In this week’s Q&A Karen asked me if I had any goal cooking projects this year, and the immediate thought that came to mind was making ciabatta. I have made several kinds of bread, but ciabatta is a favorite of mine and I have always wanted to try making it. I didn’t necessarily expect to achieve that goal so early in the year!
As they say, sometimes the perfect storm comes together and in this case it was literal! We were under a snow warning for last weekend and ahead of the storm they upgraded it to a blizzard warning. Ciabatta takes quite a bit of time to make as it calls for a starter and since it appeared as if we’d be locked inside for a day or two, I thought it would be the perfect time to give it a try!
There are many recipes for ciabatta out there, but I had been eyeing this one for Rustic Italian Ciabatta from King Arthur Baking company for quite awhile as the process seemed a bit more simplified and easier to follow than other recipes I had seen in the past.
The type of starter used in ciabatta is called biga which is a fairly wet, but simple mix of flour, water and a little yeast. The biga requires a long and slow rise over a 12 to 16 hour period in order to fully develop. I mentioned in my Q&A answer that I did try once many years ago to make ciabatta. That one and only attempt ended in failure as I awoke to find that my yeast was clearly too old, which resulted in my biga being an unrisen soupy mess! That’s all it takes to bring an attempt at making this bread to an abrupt end!
I started my biga at 7 pm (right when the blizzard warning kicked in) so it would be ready early the next day for me to start the second part of the dough – or at least I was hoping that would be the case! Surely the same thing wouldn’t happen again after all of these years of walking away from my first attempt, right? I’m happy to report the answer is no! I woke to wild snow whipping around with about 8 inches already on the ground and also to a biga that had risen and was light and bubbly, as it should be!
With the fear of another possible failed attempt behind me, I was ready to move on to the next part of the process. The main dough is very similar to the biga, with the addition of salt and a larger amount of yeast, and of course, the biga! The dough came together very nicely with the use of the dough hook on our mixer.
After two rises, the dough was ready to be formed into loaves. I was most concerned about that part of the process because ciabatta dough is very hydrated and I had not worked with such a wet and sticky dough before. I followed the simple instructions carefully and was surprised at how quickly and easily they came together. The gallery below shows the journey from fully risen dough to fully risen, oven ready loaves.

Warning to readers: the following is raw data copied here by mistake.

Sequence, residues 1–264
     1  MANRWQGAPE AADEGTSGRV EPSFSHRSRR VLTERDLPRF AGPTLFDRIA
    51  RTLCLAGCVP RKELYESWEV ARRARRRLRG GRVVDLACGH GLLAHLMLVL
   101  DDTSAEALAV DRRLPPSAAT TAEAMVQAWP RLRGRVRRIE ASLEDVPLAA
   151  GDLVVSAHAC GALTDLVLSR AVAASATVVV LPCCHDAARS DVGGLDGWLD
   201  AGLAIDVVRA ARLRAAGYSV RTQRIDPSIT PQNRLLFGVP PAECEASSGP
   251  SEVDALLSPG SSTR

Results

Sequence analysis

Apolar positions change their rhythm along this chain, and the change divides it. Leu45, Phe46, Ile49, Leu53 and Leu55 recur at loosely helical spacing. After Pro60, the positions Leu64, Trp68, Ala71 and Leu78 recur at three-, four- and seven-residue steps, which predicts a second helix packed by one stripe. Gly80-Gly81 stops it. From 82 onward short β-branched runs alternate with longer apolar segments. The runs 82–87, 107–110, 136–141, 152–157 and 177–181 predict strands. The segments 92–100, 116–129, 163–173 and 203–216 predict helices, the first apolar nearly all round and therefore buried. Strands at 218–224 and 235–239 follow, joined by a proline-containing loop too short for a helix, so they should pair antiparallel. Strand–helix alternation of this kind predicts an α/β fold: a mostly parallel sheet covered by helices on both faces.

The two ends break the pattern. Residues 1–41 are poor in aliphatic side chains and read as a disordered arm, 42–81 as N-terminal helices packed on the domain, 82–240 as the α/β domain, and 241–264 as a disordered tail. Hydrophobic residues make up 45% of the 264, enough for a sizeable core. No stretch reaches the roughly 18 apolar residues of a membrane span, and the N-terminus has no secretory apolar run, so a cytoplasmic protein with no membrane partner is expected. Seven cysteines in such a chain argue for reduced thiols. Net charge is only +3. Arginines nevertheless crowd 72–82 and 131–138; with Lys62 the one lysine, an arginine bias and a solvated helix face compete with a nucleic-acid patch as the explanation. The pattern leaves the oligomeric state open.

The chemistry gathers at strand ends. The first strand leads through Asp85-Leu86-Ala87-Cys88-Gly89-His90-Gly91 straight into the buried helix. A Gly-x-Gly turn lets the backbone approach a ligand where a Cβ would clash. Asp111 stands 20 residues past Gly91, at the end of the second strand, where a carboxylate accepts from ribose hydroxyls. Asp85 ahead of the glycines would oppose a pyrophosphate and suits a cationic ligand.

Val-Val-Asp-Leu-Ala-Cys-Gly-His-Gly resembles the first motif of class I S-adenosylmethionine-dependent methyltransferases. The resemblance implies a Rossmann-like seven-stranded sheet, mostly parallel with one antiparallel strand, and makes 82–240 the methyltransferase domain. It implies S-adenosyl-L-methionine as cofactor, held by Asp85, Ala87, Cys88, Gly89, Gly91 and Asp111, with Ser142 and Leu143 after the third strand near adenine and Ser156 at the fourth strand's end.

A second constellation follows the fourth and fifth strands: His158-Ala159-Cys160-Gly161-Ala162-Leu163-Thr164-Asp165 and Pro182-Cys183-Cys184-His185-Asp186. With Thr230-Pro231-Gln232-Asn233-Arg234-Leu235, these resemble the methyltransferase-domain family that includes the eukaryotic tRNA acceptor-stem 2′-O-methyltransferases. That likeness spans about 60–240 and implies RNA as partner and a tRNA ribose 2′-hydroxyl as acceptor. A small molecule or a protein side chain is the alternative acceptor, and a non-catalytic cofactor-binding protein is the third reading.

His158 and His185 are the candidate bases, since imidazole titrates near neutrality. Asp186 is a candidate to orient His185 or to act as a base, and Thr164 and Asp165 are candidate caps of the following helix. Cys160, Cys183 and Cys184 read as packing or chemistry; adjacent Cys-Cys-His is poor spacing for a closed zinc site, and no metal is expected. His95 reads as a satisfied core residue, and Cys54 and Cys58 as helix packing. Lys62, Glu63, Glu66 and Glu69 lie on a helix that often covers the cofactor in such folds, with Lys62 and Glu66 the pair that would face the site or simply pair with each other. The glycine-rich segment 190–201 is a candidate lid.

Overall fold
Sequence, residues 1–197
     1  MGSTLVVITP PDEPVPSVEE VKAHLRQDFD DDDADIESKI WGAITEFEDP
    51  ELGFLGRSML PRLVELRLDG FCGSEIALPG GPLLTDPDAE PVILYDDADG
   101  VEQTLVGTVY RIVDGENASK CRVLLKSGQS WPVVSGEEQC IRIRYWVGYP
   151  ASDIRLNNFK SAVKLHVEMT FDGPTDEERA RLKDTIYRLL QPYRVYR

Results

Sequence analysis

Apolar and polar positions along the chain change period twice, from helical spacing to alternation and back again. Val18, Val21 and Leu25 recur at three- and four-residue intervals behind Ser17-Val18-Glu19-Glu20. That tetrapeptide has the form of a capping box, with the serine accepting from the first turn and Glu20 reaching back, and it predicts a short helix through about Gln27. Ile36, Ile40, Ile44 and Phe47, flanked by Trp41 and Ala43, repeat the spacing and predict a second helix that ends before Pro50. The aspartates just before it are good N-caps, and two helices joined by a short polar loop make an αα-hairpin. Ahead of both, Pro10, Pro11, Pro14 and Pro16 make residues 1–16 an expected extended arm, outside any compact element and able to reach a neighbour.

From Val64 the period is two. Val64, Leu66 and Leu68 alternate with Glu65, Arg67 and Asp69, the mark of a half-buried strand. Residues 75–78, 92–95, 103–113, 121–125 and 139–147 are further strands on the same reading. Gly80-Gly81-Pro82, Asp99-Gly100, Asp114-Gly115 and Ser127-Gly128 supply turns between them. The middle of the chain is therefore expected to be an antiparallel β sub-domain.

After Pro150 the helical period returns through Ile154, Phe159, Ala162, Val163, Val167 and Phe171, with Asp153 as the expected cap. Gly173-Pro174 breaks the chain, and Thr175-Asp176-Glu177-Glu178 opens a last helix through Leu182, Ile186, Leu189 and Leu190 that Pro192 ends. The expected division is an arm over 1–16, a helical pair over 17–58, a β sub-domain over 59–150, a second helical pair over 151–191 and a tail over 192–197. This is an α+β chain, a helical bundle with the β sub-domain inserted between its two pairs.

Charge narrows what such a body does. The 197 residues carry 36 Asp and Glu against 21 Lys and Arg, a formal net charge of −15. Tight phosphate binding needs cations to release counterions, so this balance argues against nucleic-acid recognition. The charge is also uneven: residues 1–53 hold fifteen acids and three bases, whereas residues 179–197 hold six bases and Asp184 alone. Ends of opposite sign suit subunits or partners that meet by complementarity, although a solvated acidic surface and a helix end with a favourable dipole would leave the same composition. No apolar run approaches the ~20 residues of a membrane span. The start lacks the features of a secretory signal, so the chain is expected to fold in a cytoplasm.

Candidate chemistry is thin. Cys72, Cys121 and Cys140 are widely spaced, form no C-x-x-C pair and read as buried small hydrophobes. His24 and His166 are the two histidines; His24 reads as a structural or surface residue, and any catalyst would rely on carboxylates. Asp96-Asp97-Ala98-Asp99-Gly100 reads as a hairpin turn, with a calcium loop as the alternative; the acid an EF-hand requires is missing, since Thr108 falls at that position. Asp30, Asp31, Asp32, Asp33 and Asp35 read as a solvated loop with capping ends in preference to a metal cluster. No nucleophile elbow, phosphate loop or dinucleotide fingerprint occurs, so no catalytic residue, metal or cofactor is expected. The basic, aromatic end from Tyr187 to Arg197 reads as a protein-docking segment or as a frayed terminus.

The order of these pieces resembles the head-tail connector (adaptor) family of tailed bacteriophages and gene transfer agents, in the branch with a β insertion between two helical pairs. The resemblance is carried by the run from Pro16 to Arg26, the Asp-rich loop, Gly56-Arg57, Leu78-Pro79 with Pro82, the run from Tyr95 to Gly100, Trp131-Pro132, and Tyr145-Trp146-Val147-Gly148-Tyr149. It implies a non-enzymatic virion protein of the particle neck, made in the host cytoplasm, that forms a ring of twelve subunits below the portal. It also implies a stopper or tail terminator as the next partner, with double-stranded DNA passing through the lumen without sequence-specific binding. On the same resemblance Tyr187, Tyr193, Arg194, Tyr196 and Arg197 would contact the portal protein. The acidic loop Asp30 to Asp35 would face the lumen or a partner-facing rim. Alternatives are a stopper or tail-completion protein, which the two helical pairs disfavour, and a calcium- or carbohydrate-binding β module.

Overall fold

It was time to bake the loaves. The recipe calls for them to be baked in a steamy environment which helps promote the best rise and crust. You can achieve this to some degree by simply spritzing the dough with water, but for the best results they recommend a full steam environment. This requires placing some type of pan in the oven while it preheats and then when placing the bread in the oven, pouring boiling water into the hot pan and quickly closing the door to trap the steam.
This was another first for me, but I know that Karen spent quite a bit of time last year elevating her bread making skills into something of an art form, so I reached out to her for a bit of advice. King Arthur recommended using a cast iron frying pan for the steam bath, but I only have enameled cast iron Dutch ovens and they wouldn’t work for what I needed to do.
Karen told me that the bottom of a broiler pan would do the trick and she also warned me to use something with a long spout when adding the water because the initial burst of steam is pretty dramatic. She wasn’t kidding – thanks to her warning, I successfully added the water without getting burned from the steam!
The bread was delicious – crusty on the outside and chewy inside. It reminded me very much of a ciabatta that my mother and I used to pick up from a local bakery back when I was in college. They only made it on the weekends because of the amount of time it took to make. We would sit in the kitchen, talk, have coffee and eat way too much of it!
I no longer live close to that bakery, and unfortunately my mom has been gone for almost 16 years now. I still miss those simple moments of visiting with her over a cup of coffee and a slice (or two, or three, or four….) of that delicious ciabatta. I am always so thankful for the many happy memories that came from those days – they bring a smile to my face and a bit of extra warmth to my home when I share them with my wife and son.
The bread is long gone and the snow is melting, but the sense of accomplishment lives on and now I know that making ciabatta is not an unrealistic or impossible task. It’s only the start of February – I’d better start contemplating a new cooking goal for the year! Until next time, I hope you all have a great weekend!